The WILD Life Diaries: Agriculture – Reducing Your Impact
Updated: Jul 3, 2023
Agriculture is one of the biggest drivers of deforestation. Through the cutting down of trees to make room for the intensive farming, animal lives, local people’s way of living and the planet are all at stake. Here Charlie Bedwell gives us a brief lowdown on why it’s damaging and what you can do in the second instalment of The Wild Life Diaries:
All forms of travel combined, are responsible for 13% of the greenhouse gases that are being emitted. Considerably lower now having been subjected to plenty of campaigns, such as the encouragement of park and ride, car shares and cycle to school or work. Agriculture however has been estimated to account for up to 51% of greenhouse gas emission and has remained elusive to such schemes.
Some of the factors involved in deforestation and the percentages for which each driver is responsible
But why is farming animals and plants so damaging?
1. It destroys habitats
To make room for farms, people are destroying animal’s habitats, many of which are endangered. Currently, 38% of land is used for farming but this is expected to increase, especially in developing countries where 120 million hectares are predicted to be converted by 2050. When we are destroying habitats, we aren’t just destroying the homes of a few creatures, we are crushing areas of high biodiversity. Biodiversity is essential for the survival of all creatures. If we lose one species this will have a knock-on effect on other species which may have unprecedented effects upon us as humans.
By over cultivating land for crops we are seeing a deficiency and imbalance of nutrients in the soil. Over time this is causing the land to degrade, becoming useless. A further consequence of deforestation is over-grazing, causing the ground to become more exposed to wind and water which is in turn leading to it’s erosion. This makes the land useless for farming and therefore no longer suitable to sustain wildlife.
2. We’re wasting water
Image Credits: Markus Spiske
On a global scale the agriculture industry uses approximately 70% of the earth’s fresh water. This is caused by poor irrigation systems, wasteful watering methods and attempts to grow plants that require an excessive amount of water. Irrigation can also cause the washing of sediment and pollutants into nearby rivers which can have a harmful effect on marine life. The amount of water used in agriculture is wasteful, therefor making it highly unstainable.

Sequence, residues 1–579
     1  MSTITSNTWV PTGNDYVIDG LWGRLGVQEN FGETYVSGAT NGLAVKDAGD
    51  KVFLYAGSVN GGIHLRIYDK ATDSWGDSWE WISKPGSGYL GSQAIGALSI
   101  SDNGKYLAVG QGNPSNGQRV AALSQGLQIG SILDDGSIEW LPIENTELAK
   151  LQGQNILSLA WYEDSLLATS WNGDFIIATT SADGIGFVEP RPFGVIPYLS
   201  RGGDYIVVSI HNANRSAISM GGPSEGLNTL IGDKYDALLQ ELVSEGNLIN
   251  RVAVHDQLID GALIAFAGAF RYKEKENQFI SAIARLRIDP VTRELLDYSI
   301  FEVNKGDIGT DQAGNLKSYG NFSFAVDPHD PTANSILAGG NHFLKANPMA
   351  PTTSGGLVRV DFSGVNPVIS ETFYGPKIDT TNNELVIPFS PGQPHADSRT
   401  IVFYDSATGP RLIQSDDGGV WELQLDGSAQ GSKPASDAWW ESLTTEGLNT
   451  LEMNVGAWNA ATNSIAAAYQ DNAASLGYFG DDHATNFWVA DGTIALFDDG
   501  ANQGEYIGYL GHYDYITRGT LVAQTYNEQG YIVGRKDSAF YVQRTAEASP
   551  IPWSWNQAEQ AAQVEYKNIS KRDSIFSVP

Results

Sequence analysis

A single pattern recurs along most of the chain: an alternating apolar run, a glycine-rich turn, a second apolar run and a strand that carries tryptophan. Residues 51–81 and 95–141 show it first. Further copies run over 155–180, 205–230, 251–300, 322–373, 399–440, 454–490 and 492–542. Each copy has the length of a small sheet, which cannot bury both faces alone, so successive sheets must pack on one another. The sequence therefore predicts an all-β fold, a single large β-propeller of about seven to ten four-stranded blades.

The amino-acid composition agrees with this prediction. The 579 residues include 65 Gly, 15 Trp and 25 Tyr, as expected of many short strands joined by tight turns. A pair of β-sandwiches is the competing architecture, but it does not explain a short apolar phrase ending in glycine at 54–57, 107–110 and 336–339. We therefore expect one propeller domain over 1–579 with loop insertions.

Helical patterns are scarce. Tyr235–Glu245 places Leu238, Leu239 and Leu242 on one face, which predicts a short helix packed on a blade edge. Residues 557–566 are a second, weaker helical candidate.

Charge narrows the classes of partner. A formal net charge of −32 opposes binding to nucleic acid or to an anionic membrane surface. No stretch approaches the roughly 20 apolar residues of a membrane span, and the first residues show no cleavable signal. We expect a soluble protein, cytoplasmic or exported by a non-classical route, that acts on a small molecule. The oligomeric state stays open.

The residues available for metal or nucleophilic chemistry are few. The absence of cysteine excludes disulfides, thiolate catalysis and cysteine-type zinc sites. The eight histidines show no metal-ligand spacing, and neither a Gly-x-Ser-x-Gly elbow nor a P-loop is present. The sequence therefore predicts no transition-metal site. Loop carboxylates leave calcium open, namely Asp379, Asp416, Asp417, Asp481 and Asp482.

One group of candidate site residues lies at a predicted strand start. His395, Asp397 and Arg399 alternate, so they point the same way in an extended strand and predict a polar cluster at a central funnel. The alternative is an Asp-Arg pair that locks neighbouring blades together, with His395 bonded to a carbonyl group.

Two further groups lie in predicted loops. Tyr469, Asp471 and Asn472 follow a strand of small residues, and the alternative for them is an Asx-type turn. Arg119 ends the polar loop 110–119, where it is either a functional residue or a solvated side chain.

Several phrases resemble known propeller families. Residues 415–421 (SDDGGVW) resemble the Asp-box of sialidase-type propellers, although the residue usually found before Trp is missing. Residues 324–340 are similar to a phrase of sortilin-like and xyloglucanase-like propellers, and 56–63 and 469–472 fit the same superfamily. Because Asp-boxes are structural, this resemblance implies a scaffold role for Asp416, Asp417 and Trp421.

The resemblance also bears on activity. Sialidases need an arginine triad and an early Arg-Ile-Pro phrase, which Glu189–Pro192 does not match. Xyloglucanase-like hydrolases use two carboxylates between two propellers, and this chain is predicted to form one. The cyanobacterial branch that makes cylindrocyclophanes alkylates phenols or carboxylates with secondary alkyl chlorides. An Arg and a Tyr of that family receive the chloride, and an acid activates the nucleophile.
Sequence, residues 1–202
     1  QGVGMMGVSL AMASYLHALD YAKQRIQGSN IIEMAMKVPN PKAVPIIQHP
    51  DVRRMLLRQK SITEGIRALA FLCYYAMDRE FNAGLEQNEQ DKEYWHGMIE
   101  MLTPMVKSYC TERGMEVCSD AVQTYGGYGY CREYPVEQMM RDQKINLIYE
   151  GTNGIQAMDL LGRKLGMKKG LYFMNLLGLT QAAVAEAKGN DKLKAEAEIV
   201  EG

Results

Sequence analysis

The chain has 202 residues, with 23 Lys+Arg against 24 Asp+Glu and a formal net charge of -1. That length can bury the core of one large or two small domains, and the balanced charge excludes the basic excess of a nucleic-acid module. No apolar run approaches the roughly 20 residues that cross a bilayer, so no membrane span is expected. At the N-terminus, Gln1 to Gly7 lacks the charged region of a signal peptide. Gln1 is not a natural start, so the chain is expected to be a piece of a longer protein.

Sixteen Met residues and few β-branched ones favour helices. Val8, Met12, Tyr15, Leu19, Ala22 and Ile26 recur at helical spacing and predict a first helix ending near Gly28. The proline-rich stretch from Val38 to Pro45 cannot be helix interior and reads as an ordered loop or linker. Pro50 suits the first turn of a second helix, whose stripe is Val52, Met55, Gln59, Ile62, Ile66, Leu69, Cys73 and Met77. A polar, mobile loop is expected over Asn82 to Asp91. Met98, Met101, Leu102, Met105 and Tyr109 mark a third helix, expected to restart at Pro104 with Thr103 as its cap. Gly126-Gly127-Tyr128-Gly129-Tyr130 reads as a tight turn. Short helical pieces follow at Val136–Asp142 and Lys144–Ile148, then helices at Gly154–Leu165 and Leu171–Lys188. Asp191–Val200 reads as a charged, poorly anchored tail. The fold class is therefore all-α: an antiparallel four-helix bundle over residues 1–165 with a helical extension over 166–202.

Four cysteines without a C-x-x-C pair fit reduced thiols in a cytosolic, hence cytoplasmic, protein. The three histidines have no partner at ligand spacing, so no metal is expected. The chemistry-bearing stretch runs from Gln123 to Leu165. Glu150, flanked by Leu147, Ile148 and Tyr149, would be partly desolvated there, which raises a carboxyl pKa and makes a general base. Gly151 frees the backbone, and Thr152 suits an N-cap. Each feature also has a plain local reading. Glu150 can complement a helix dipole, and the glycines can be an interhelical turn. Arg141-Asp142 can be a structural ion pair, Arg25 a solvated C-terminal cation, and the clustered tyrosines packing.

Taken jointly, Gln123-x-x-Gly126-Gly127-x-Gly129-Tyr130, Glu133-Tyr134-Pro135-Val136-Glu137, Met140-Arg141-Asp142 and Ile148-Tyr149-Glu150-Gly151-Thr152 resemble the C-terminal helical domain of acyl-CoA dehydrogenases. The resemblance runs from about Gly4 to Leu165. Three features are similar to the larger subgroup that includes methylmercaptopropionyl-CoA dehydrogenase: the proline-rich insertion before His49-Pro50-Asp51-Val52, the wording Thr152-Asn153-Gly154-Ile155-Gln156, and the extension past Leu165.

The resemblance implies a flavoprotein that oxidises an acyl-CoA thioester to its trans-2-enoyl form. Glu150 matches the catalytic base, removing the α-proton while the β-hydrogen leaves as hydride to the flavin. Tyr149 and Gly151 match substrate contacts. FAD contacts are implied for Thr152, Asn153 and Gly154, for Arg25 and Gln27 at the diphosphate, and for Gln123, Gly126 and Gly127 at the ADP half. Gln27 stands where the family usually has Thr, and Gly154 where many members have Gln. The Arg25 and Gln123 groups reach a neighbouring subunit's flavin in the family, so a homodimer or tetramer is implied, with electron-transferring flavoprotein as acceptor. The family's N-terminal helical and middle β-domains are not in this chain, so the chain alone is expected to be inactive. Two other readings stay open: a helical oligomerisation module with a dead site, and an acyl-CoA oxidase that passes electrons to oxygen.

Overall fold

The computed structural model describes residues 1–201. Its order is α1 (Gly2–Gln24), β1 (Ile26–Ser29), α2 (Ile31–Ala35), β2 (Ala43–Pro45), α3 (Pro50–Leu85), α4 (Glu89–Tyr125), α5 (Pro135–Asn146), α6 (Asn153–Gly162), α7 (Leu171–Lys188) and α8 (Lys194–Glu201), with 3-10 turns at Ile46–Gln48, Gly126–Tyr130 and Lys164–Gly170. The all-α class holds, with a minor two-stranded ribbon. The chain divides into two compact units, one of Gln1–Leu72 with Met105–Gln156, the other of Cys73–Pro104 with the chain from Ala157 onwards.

Many farms use pesticides to stop bugs eating the produce. Unfortunately, due to irresponsible spraying methods (by aeroplane) and irrigation these pesticides often end up in nearby streams and rivers, having really negative effects on local marine life. They interrupt hormone messaging in marine species and cause an increase in algae growth which depletes the river of oxygen and results in the death of many creatures. Pesticides are not animal-specific and often kill beneficial insects and enter the systems of animals that eat the poisoned insects.
4. Climate change
As plants and animals grow they require food, water, shelter, warmth, cultivation and management all of which can contribute to climate change. To grow they need space which is provided by cutting down trees which again contributes to the globe's rising temperatures. All of this is more harmful to the environment than all forms of travel collectively.
So, what can we do?
Reduce the demand for meat products
Engaging in meat free Mondays, becoming flexitarian (cutting down on meat consumption), vegetarian or vegan are great examples here. If everyone simply reduced the amount of meat that they eat, greenhouse gases released by the agriculture sector would reduce in relation to the drop in demand.
If you are interested in reducing your meat consumption, check out our food and drink section for some awesome vegetarian recipes.
Image Credits: Maria Fernanda Gonzalez
Reduce or cut out products containing palm oil
Palm oil is responsible for the destruction of 27 million hectares of forest, an act that we do not want to encourage by purchasing palm oil products. Look out for palm free or sustainable palm oil labels and check out for the many names that palm oil can hide under.
If you have a garden, try out home-grown
See how much you can grow yourself without relying on food from unknown sources. Seeds and soil are super cheap, and you can be left with a product to be proud of.
This way you can enquire about the source of the food you are buying and take control of your ethical shopping. Locally-sourced food can often carry a lower carbon footprint as it travels less distance between field and plate.
Image Credits: Stijn te Strake
About the Author: Charlie Bedwell is a recent graduate of Psychology at the University of Reading and a lifestyle blogger for Wild.